CUB is written and directed by acclaimed Belgian director Jonas Govaerts and is his first feature film.
It tells us the story of Sam (Maurice Luijten), a twelve year old cub scout with a mysterious but undisclosed past, who struggles to fit in with either his fellow cubs or even the leaders, all of whom bully him almost constantly.
The cub scouts are off on a camping trip together. Loaded into a pickup truck, they head off to the campsite. However, when they arrive, they find it being terrorised by local ruffians and make the decision to push on and camp in the forest instead.
The scout leaders Peter (Stef Aerts – Oxygen), Kris (Titus De Voogdt – Steve + Sky, Ben X) and chef Jasmijn (Evelien Bosmans – Marina) are a magnificently unqualified bunch to look after an entire scout troupe and prove this even further by their reckless telling of campfire horror stories.
They invent the tale of Kai (Gill Eeckelaert), a werewolf child rumoured to live in the very forest in which they are camping. Little do they know that there is in fact a feral child who lives in the forest. Sam has seen him around the camp, and even found his den, but he is mistrusted by the others, who think he is over-imaginative and refuse to believe him.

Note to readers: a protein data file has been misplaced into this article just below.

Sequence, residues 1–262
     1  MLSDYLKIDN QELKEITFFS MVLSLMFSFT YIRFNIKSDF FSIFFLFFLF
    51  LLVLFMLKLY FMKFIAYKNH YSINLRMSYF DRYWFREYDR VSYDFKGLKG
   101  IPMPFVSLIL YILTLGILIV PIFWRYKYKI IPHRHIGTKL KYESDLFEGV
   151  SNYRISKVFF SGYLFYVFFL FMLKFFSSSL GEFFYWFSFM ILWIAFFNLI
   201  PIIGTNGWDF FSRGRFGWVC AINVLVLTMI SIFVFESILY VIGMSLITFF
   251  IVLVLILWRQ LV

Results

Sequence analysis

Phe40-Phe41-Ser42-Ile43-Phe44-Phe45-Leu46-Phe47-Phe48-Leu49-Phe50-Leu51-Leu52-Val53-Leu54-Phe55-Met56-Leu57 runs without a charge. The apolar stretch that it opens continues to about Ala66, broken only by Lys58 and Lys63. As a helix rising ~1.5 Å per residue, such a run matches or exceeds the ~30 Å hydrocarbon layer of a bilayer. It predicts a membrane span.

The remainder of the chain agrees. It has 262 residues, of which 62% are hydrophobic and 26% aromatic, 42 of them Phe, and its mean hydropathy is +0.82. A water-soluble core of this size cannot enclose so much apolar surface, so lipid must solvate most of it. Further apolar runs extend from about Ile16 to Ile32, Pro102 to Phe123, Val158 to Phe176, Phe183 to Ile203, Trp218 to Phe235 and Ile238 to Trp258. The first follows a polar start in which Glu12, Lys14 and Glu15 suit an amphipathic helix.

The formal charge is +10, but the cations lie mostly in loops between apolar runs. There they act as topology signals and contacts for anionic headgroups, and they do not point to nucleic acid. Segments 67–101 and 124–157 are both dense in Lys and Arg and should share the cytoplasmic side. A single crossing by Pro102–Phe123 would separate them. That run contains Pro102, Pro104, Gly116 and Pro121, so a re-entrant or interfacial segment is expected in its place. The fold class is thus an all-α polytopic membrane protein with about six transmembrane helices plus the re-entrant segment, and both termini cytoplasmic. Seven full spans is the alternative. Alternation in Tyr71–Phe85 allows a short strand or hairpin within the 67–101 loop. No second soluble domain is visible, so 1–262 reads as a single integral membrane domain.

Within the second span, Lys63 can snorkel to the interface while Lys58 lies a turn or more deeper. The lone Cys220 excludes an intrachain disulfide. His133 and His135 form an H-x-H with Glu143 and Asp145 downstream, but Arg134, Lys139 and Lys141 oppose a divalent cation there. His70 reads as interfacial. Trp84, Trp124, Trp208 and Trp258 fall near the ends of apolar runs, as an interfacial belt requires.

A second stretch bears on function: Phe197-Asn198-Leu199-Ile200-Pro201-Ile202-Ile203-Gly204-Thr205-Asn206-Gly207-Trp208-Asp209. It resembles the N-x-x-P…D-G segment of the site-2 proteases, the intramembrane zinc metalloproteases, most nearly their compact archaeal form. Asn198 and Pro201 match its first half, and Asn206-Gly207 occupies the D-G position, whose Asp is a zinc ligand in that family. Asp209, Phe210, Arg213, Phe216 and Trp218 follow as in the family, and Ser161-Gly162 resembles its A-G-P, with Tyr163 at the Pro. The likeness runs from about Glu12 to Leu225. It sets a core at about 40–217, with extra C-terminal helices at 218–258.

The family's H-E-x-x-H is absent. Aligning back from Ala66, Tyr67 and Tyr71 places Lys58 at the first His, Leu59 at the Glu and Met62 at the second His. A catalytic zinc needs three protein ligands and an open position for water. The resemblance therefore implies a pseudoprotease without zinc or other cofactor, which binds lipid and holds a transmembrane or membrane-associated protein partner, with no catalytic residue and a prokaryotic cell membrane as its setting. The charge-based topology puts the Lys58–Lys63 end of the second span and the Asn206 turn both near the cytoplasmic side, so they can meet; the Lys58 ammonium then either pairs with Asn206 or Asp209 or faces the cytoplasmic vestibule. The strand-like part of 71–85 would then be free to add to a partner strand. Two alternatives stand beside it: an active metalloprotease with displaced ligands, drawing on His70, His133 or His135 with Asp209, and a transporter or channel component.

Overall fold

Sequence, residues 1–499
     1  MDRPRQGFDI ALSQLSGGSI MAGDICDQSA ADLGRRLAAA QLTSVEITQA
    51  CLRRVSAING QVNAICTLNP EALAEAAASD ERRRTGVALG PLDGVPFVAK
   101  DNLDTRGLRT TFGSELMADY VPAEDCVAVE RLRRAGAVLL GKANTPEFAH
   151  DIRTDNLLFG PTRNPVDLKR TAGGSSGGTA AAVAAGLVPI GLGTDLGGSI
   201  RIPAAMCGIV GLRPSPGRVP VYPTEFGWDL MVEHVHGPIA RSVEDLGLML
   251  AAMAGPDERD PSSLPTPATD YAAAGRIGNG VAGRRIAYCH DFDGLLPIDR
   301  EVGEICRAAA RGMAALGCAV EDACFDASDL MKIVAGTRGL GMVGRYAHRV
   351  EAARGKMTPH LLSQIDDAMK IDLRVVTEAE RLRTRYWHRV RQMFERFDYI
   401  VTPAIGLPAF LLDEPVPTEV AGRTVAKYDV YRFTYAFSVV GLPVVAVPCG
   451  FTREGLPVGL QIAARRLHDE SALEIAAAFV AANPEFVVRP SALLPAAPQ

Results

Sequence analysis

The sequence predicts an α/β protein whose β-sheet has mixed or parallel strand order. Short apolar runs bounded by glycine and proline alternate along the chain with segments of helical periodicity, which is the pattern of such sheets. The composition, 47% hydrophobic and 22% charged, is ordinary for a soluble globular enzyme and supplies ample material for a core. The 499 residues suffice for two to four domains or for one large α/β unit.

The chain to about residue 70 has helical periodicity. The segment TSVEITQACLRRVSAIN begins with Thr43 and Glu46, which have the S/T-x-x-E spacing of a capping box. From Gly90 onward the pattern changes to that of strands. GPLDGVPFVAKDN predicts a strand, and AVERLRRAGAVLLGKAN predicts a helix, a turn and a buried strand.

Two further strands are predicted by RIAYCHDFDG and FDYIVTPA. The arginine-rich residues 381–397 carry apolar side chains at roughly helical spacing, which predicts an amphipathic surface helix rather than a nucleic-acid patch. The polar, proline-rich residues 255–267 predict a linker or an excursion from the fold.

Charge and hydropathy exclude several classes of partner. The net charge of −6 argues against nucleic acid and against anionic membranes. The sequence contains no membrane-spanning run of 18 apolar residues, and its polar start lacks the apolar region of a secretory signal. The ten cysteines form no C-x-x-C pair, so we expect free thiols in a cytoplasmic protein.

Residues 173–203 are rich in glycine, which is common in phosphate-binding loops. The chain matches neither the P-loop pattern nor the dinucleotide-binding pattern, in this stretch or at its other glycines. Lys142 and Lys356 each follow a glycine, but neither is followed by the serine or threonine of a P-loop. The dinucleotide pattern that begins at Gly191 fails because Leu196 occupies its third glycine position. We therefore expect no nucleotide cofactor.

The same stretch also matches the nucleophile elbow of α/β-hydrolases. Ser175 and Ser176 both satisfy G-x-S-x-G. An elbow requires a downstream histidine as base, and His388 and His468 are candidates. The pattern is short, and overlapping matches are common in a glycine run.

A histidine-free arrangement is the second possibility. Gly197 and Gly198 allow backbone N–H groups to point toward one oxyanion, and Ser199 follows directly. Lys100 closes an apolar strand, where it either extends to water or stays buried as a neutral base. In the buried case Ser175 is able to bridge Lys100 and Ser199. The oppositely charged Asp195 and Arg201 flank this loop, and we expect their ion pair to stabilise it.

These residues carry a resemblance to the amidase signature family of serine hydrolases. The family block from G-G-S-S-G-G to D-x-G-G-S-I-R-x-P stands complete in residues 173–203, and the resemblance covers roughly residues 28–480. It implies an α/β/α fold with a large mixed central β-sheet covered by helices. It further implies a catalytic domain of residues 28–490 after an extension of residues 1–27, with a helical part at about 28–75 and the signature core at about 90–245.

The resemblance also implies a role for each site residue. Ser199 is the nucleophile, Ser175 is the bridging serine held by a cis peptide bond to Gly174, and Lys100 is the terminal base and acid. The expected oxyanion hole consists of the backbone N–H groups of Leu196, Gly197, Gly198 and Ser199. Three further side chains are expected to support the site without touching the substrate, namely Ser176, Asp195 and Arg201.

However, this may well prove to be unwise, as the Kai’s father, the poacher, has set the forest with all manner of nasty and inventive traps, which will gradually reduce their numbers in all sorts of gory and graphic ways.
CUB is a very entertaining watch, quite old school 80s in it’s style, however using cub scouts as victims is a refreshing change from teenagers and lends it a sort of Lord of the Flies type of feel. This is a great cautionary tale about the perils of letting your children go on holiday supervised only by a bunch of irresponsible idiots.
The acting is excellent, the characters are well rounded and overall the story works very well, although there are a lot of things which I would have liked them to explain. They do expect you to take rather a lot on face value. It doesn’t detract too much from the enjoyment though, just remember to leave your brain at the door.
CUB is available to buy now on DVD.